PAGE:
My problem with this is that you don't really know what you're talking about.
|Apple MacBook Pro - Intel Core i5 2.5 GHz - 500 GB HDD / 5400 rpm - 13.3″ 1280 x 800 -4 GB RAM|
Toshiba Satellite L875D-S7332 - A series 2.7 GHz - 640 GB HDD / 5400 rpm - 17.3″ 1600 x 900 - 6 GB RAM - Mercury silver
I'm probably going to blow a gasket the next time I see someone compare computers by CPU speed and memory size alone.
I'm going to guide you on a trip through reality real quick: you've told us nothing about those two computers.
There used to be a day where CPU speed mattered. There used to be a day where memory size mattered. And they still do, to a very
small extent. What you've failed to mention (or even research) is the model and architecture of CPUs are in those two machines. Seriously. Speed hardly matters when comparing chips on the market. The amount of cores doesn't matter either.
Want to know why?
Four core Intel Core-i7 chips outperform every single version of AMD Zambezi 8 core chips. The frequency of the i7 chip compared to the zambezi chip doesn't matter. i7 chips that underclock zambezi chips outperform the zambezi chips.
It doesn't matter how fast something operates if it can't operate well.
Which brings me to my next point. AMD A-series chips are terrible.
All of them. Every single one of them. You know what else sucks? The integrated graphics on those APUs. So you'll be enjoying the higher resolution with much worse video capabilities.
Now about memory. After 4GB, there's almost no noticeable change in computer performance. The only way more than 4GB of memory benefits you is if you're running enough applications to require more than 4GB of memory. While this sounds like an easy task, you almost have to go out of your way to use more than 4GB simultaneously. I.e., running a virtual machine will cause you to need more memory. And sometimes feeding photoshop requires more memory. But if you're not an extreme power user, there's almost no difference.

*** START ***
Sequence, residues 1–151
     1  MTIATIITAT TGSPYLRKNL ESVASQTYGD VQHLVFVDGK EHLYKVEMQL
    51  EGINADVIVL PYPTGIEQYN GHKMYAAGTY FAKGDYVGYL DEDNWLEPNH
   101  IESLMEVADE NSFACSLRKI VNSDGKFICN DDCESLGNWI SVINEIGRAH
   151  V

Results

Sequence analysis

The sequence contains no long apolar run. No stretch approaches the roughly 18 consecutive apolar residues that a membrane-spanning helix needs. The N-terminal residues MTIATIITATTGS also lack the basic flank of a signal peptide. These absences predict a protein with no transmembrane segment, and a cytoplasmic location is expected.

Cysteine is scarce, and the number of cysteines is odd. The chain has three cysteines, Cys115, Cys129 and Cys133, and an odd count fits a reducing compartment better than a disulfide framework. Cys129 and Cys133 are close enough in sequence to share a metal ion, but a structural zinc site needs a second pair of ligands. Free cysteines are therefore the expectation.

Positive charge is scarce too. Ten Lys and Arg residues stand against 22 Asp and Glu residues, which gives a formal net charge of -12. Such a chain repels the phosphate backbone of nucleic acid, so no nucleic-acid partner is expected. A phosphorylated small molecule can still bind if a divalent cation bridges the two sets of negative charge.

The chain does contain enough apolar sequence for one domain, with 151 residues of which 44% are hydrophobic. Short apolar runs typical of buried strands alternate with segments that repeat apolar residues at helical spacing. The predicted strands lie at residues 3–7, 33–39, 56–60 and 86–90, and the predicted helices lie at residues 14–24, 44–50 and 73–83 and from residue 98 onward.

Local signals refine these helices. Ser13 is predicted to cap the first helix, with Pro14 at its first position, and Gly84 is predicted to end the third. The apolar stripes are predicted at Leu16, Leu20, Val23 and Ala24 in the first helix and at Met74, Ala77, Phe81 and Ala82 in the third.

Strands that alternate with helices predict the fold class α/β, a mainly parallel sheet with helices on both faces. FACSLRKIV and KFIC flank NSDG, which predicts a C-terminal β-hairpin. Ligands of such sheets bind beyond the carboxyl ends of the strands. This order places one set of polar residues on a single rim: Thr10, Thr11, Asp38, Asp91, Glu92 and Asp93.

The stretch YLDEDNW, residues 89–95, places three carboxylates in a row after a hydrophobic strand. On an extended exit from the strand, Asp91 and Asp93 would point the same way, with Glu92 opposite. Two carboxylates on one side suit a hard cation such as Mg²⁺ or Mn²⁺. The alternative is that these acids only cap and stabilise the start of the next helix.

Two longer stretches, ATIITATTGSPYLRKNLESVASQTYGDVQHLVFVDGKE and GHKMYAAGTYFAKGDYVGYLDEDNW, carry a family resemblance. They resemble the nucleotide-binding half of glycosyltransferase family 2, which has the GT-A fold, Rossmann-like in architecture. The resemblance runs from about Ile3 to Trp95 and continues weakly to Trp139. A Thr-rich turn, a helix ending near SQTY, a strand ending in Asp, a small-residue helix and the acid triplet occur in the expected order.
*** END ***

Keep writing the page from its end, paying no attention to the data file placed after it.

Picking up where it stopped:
Apple develops almost all of their devices in house. Which leads to outstanding
quality control. MacBooks have unbelievably long lifespans because the hardware put in them aren't prone to faults for the aforementioned reason. And I'll give you a perfect example: The class action lawsuit over the early HP dv-series laptops. They were built shitty. They got hot, solder melted in the GPU and everything went to shit. Because they were built without care. Apple has very high quality standards. Every Windows laptop manufacturer I can think of doesn't even begin to compare.
It's not about what you can and can't do on one computer versus the other. Everyone knows you can do the same things on all the mainstream OS's. That's why they're mainstream. It's about the quality of the machine you're using.
The amount of problems I've had with my Windows based machine in the past year: about 17.
The amount of problems I've had with my MacBook in the last 6 years: 0
So I'll tell you why I chose to buy a $2,000 MacBook over a $450 Toshiba laptop: I like things that don't suck.